O’Toole pledges detailed Tory climate plan will meet goals faster than Liberals
Right now, the goal is to get Canada's emissions 30% below 2005 levels by 2030
OTTAWA — The Conservative election platform will contain a climate-change plan that could cut greenhouse-gas emissions faster than the Liberals’ plan will, party leader Erin O’Toole said Feb. 10.
O’Toole told a virtual audience of the Greater Vancouver Board of Trade that he “loves” the net-zero approach to carbon emissions, though not the wide-ranging federal carbon tax, and his party is working on a plan that would get Canada to its emissions goals.
“You’re going to see a very detailed plan…that will, I think, make our commitments probably faster than Mr. Trudeau without a running-out-of-control federal carbon tax that he’s already promising,” O’Toole said during a question-and-answer session.
“Net-zero” is an approach that means either the Canadian economy will emit no greenhouse gases or will offset those emissions other ways, absorbing equivalent greenhouse gases from the atmosphere. Last year, the Liberals tabled a bill that would require Canada to reach net zero by 2050, and will set rolling emissions targets in the meantime.
Right now, the goal is to get Canada’s emissions 30% below 2005 levels by 2030.
That legislation was backed by a $15-billion plan, a plan that includes steady increases to the federal carbon tax.
How a Conservative government would achieve the same reductions without that tax is one of the bigger questions plaguing the party’s policy shop.
Carbon pricing is an approach that some in the oil-producing regions of the country, as well as many Conservative grassroots supporters, say is unfairly punitive and depresses economic growth.
Those in favour of the approach argue that if there’s no cost to using fossil fuels, there can be no meaningful reduction to emissions. Polls continue to suggest Canadians are receptive to the idea as one element of climate-change policy.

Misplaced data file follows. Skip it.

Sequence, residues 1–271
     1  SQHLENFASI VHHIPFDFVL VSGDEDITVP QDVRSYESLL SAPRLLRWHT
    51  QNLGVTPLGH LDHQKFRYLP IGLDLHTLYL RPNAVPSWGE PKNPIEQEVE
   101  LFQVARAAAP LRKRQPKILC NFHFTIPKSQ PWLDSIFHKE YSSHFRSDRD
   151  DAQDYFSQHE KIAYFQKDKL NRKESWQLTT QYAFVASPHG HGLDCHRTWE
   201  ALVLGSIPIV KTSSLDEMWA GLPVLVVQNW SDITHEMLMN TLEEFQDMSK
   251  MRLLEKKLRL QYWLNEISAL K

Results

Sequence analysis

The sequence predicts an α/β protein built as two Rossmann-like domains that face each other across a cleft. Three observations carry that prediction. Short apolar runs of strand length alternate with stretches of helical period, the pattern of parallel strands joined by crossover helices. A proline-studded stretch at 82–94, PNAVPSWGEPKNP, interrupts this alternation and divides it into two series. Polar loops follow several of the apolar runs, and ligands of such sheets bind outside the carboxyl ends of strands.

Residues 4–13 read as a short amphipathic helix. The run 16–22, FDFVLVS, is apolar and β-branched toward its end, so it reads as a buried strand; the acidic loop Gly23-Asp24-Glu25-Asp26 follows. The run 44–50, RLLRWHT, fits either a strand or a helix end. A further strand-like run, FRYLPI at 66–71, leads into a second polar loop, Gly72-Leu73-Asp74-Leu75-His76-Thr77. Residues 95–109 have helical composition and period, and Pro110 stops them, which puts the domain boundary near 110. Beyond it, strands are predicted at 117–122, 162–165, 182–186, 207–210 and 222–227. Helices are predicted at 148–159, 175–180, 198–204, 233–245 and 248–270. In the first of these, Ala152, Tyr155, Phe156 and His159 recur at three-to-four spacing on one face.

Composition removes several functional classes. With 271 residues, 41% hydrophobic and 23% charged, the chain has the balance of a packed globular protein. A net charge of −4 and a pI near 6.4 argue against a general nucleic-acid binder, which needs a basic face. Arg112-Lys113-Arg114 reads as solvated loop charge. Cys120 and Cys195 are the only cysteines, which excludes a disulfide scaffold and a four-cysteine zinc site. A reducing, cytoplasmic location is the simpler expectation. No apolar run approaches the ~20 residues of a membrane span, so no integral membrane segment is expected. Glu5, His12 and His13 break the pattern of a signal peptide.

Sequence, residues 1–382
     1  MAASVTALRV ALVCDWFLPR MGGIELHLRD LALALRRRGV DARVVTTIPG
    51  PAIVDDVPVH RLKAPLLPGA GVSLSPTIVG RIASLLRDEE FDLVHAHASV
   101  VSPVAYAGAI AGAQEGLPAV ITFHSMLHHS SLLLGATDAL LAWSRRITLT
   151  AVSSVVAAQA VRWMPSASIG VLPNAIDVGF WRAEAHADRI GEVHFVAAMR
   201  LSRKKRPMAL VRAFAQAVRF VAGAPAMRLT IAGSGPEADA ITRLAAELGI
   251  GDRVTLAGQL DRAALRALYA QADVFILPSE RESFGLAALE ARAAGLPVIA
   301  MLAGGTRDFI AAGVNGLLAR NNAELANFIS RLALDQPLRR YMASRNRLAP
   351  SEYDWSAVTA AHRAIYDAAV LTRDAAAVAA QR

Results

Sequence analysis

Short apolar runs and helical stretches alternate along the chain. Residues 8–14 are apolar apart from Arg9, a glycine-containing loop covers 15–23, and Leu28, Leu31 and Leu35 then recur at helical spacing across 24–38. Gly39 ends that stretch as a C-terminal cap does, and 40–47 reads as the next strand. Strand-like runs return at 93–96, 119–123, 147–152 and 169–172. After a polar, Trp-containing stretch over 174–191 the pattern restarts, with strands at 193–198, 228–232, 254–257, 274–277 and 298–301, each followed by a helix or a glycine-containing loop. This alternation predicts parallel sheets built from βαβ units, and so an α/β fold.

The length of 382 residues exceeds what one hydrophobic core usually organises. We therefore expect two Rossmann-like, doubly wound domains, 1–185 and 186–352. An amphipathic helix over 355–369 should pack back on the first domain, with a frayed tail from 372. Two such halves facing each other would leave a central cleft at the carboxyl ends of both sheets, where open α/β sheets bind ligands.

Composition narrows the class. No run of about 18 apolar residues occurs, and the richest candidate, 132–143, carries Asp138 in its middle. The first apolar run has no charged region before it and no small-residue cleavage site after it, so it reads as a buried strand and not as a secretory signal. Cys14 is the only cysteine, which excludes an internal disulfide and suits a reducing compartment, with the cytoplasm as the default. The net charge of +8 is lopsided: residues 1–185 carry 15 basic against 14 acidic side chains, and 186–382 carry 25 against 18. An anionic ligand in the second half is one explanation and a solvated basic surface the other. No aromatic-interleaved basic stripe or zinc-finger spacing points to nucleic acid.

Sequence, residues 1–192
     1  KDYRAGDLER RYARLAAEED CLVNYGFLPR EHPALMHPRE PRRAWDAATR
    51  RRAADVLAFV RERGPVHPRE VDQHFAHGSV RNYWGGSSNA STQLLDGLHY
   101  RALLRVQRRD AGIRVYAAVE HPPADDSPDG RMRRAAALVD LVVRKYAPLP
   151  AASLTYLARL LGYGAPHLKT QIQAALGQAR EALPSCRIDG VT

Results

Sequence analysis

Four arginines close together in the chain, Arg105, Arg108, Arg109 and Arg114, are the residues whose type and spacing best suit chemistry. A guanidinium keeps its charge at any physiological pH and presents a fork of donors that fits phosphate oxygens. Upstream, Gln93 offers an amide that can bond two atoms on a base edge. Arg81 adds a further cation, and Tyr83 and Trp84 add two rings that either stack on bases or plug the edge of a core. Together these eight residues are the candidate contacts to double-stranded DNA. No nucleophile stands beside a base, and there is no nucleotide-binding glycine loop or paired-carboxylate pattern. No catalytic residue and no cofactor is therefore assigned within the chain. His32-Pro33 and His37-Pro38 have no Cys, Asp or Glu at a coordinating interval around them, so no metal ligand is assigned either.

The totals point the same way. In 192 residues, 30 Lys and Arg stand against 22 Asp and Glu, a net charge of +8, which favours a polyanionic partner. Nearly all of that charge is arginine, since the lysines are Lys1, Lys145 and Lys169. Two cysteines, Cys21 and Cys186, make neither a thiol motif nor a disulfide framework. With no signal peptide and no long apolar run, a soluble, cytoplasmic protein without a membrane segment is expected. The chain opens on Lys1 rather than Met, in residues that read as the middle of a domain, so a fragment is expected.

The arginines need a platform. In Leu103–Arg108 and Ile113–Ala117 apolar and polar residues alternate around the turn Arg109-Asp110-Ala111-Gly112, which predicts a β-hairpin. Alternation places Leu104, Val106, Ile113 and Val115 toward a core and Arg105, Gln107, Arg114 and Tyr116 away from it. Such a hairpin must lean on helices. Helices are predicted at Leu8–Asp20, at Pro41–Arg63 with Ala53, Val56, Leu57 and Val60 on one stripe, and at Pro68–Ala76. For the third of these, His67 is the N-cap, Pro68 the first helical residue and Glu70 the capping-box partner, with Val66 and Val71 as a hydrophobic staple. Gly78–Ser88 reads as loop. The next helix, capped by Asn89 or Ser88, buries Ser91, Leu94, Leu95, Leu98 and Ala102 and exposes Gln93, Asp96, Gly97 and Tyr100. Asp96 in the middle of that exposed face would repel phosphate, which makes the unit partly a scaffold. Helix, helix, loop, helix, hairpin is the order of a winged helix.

Polls also show many Canadians are worried about climate change and that the Conservatives’ failure to advance a meaningful plan to combat it has consistently been a barrier to growing their support.
O’Toole had previously signalled he intends to shift course and has a policy team already at work on charting one. On their agenda is exploring how conservative governments elsewhere have tackled the problem.
To attract voters, especially millennials, O’Toole said he wants a made-in-Canada net zero approach that sees government partnering with, and pushing, organizations to bring their emissions down, and carbon pricing that targets only industry, not individuals.
“So I think millennials will see, maybe this isn’t your father’s Conservative party,” he said.
O’Toole also said working more closely with the U.S. to harmonize environmental regulations should also be part of the mix.
Earlier Feb. 10, his office released a readout of a call he had with the acting American ambassador to Canada, which did briefly touch on environmental issues.
But he also devoted energy to advocating for the Canadian oil sector.
O’Toole told Katherine Brucker that he was disappointed by President Joe Biden’s decision to cancel the Keystone XL pipeline on his first day in office last month.
O’Toole also said if the governor of Michigan follows through on plans to shut down a pipeline that passes through her state on its way to southwestern Ontario by May it would hurt both countries’ economies.
About 87 million litres of oil and natural gas liquids moves daily through Line 5 from Wisconsin to Sarnia, Ont.
The U.S. Embassy in Ottawa declined to comment on the Wednesday conversation between Brucker and O’Toole.
“Mr. O’Toole raised his disappointment about the decision of the United States to cancel the Keystone XL pipeline and made the case for why this project should continue, including the economic benefits for both countries,” the Conservative party’s account of the call said.
“He also raised the potential Line 5 pipeline cancellation and the tremendous economic blow this would cause both countries.”
O’Toole also registered his opposition to American tariffs on softwood lumber and the Buy American policies that the Biden administration is also following after Trump.
The two also spoke about China, and O’Toole thanked the United States for its willingness to assist in securing the release of Michael Kovrig and Michael Spavor, two Canadians currently in prison there.